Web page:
Dr. Dan Jernigan, director of the influenza division at the CDC said in a news briefing the season is only about halfway through. "It's been a tough flu season so far," Jernigan said. "Flu is still happening all over the United States." According to the CDC's Weekly U.S. Influenza Surveillance Report released Friday, the spread of influenza has continued to increase over the past several months across the United States. There were seven pediatric deaths just last week, and 37 total since flu season began in October. Additionally, 11,965 people have been hospitalized with influenza since the beginning of the season.

Baby boomers are getting hit the hardest this flu season, with those aged 50 and older comprising most hospitalizations, according to the report. Those aged 65 and older were the most hospitalized, adults aged 50 to 64 the second most and those aged 0 to 4 the third most. This is uncommon as those aged 0 to 4 usually take the second hardest hit, Jernigan said.

He attributed this irregularity to the evolution of flu strains over time. This age group has less immunity because the viruses the baby boomers were exposed to when they were younger are much different than ones circulating today. The majority of people diagnosed with the flu are falling ill with the H3N2 strain, which presents with more severe symptoms in young children and older adults. However, there has been an increase in the strains of Influenza A H1N1 and Influenza B, Kristen Nordlund, a spokeswoman for the CDC, told CNN. The CDC recommends anyone over the age of 6 months get vaccinated, ideally by the end of October. However, officials say it is not too late to get a flu vaccine if you haven't already and stress the importance of early treatment if you think you have the flu.

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4 Trends Driving Digital Health Care Transformation

Healthcare of Tomorrow

The health care industry is evolving, thanks to policy changes, societal shifts and technological advances. Healthcare of Tomorrow from U.S. News & World Report examines the challenges facing health care, and how it must change to face the future. See more U.S. News special reports.

1. IoT Explosion Drives Diversification of Devices and New Challenges

The "internet of things" is fundamentally changing the way people live – an effect that is also launching change and innovation in health care. As IoT continues to spread globally – market intelligence firm IDC expects nearly $1.4 trillion in global IoT spending by 2021 – its expansion will continue to drive proliferation and diversification of medical device innovation and the associated challenges.It seems that every day, developers introduce new IoT platforms, solutions and open standards or protocols. They promise greater insight into patient health, physical performance and monitoring of vital signs, in facilities and at the patient's home. Practically, the direct value these devices bring to patients is up to the determination of care teams. From an IT perspective, organizations must acknowledge a business case for incorporating IoT devices and ensure monitoring and analysis of connected equipment and sensors occurs reliably.

2. Widespread Adoption of Digital Clinical Workspaces

The demand for digital clinical workspaces will intensify as the natural productivity and mobility benefits they afford become more integrated into health care delivery strategies. In a digital clinical workspace environment, the health IT enterprise is expanded beyond the four walls of a facility and beyond regular operating hours. Doctors hoping to check in on a patient's overnight progress can do so at home from work-issued or personal mobile devices. IT administrators can correspondingly monitor the health and viability of the enterprise. If secured appropriately, digital clinical workspaces can transform workplace technology from the cliché obstacle into a purveyor of productivity and convenience.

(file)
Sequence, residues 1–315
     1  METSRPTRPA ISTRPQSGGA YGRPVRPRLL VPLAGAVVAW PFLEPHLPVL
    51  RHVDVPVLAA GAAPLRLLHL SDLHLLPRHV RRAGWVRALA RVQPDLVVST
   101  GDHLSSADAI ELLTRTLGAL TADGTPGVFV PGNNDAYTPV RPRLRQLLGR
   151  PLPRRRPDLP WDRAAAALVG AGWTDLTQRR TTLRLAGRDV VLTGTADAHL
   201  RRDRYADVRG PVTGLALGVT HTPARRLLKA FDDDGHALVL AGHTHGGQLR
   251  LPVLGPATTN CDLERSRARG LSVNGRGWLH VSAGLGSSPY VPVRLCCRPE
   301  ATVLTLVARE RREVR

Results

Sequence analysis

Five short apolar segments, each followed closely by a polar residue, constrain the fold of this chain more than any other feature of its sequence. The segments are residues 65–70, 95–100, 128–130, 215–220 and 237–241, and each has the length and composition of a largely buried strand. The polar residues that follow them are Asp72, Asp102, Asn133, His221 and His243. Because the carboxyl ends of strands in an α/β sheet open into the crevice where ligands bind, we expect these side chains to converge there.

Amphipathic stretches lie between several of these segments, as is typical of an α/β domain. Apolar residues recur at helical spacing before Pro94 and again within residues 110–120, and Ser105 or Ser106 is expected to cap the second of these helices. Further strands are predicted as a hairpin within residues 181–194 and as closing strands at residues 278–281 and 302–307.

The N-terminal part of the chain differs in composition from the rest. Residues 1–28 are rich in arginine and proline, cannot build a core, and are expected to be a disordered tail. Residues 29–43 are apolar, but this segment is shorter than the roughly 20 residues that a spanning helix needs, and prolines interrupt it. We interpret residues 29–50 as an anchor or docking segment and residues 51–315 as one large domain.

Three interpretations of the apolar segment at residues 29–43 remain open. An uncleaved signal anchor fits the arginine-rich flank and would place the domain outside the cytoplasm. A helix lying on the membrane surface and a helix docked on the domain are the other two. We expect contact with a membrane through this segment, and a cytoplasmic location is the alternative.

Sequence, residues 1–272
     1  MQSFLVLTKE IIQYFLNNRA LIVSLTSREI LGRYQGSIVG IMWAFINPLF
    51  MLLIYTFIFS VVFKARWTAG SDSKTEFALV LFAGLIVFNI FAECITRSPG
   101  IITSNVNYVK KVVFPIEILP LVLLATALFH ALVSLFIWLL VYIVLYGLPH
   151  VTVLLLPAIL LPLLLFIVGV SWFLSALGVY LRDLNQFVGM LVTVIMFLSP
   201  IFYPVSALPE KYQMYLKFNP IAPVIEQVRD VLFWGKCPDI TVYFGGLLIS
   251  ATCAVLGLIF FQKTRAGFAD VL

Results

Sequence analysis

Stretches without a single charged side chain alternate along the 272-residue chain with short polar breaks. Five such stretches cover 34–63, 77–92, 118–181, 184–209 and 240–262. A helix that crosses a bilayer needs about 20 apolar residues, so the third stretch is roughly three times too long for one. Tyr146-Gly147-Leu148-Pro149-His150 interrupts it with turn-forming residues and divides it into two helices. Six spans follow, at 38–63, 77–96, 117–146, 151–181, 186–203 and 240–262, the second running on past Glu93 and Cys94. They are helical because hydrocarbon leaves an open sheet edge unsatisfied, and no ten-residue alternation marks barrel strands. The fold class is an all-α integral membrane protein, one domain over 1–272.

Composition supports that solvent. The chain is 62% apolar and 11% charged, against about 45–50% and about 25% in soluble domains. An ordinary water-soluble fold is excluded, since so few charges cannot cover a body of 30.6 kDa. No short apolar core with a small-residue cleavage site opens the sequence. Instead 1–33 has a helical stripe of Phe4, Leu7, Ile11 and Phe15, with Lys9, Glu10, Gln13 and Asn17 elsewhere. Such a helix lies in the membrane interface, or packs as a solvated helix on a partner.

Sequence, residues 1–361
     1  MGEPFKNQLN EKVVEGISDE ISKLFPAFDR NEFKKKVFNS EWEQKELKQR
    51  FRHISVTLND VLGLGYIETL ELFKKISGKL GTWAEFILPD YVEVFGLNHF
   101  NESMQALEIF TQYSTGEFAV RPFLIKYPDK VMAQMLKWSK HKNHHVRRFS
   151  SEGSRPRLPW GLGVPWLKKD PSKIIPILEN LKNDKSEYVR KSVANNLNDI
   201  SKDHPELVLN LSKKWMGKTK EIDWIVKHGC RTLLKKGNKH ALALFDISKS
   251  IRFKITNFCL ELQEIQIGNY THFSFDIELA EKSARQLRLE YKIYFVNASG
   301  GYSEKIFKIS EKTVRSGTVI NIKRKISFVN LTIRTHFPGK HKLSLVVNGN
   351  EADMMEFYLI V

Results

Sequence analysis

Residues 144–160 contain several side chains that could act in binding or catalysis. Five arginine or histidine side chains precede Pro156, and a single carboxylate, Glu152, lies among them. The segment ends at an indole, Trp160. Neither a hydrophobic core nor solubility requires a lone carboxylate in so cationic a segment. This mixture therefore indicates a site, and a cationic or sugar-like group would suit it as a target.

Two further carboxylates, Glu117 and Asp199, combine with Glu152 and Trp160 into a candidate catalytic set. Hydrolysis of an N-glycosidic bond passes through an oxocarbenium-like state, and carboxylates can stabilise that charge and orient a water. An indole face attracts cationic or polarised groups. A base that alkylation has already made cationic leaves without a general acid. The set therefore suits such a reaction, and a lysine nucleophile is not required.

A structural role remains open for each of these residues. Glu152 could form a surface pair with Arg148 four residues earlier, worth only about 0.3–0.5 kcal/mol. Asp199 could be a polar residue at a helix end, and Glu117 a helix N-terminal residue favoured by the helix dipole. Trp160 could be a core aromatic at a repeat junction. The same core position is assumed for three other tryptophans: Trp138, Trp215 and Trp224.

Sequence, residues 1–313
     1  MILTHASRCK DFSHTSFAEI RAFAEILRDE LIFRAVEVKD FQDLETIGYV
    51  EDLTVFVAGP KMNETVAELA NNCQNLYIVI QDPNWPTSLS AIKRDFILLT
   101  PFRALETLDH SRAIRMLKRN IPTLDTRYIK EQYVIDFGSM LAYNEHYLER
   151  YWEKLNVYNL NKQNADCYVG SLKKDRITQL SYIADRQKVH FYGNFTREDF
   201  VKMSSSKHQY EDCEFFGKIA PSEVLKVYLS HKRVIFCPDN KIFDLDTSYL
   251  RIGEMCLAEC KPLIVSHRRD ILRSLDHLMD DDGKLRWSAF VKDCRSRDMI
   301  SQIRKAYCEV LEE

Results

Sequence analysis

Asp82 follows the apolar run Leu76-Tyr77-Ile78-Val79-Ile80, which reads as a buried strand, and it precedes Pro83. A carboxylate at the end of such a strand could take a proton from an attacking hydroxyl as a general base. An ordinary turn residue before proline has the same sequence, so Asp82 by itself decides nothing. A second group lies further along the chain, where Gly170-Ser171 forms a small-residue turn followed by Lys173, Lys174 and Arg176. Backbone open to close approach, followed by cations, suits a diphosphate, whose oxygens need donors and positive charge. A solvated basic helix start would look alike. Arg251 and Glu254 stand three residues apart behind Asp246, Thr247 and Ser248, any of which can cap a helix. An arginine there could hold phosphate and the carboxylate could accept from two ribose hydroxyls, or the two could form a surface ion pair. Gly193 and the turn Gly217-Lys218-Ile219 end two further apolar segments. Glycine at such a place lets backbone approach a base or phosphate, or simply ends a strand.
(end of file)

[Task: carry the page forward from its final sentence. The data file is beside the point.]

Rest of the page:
3. HIT Cloud Adoption Will Begin a Steeper Increase as Security Concerns Decline

Partly driven by the expansion of IoT devices and the growing need to manage them, we also expect heightened use of cloud technologies in health care. Organizations undergoing a digital transformation will reinvest in core applications that live in the cloud, off-premise, to enable greater agility. The evolving continuum of care also requires that patients' EMRs are accessible and transferrable by care providers, community partners and health care payers alike. The cloud does face a cultural obstacle, however, to more widespread adoption. At the 2017 CHIME CIO Fall Forum in San Antonio, 45 percent of focus group participants told us they believe that most of their core applications will live off-premise in one to three years, while 40 percent said that all their core applications will stay on-premise throughout that time.

4. More Devices = More Threats = More Security Frameworks

The adoption of cloud technology and proliferation of the clinical workspace to include IoT-enabled devices and allow for anytime, anywhere, any device will necessitate health care organizations taking a new or closer look at how they are securing their entire enterprise, as well as their patients' sensitive medical information.Applications with sensitive information will be the main driver of this shifting dynamic. To afford care teams the agility to work from anywhere on any device at any time and access these critical apps, health care IT admins must ensure that security is innate throughout the IT enterprise, not just its perimeter or the data center. A reliable way to achieve this is micro-segmentation. This security architecture divides the IT environment – networking, storage, applications, the gamut – into small parts that are more manageable to protect than an enterprise-wide perimeter net. Security frameworks are embedded into all IT services and functionalities – each workload serves as its own security perimeter. In the event of a security breach, micro-segmentation mitigates and minimizes the spread of damage and the impact of compromised data. Micro-segmentation is poised as a technology disruptor much like IT virtualization was at the outset of its development, with app-level security the main driver. Much excitement also surrounds another new technology: blockchain. While still an immature technology within the context of the health care industry, the concept of blockchain offers potentially promising utility if regulated appropriately and managed strategically by health care entities seeking to use it.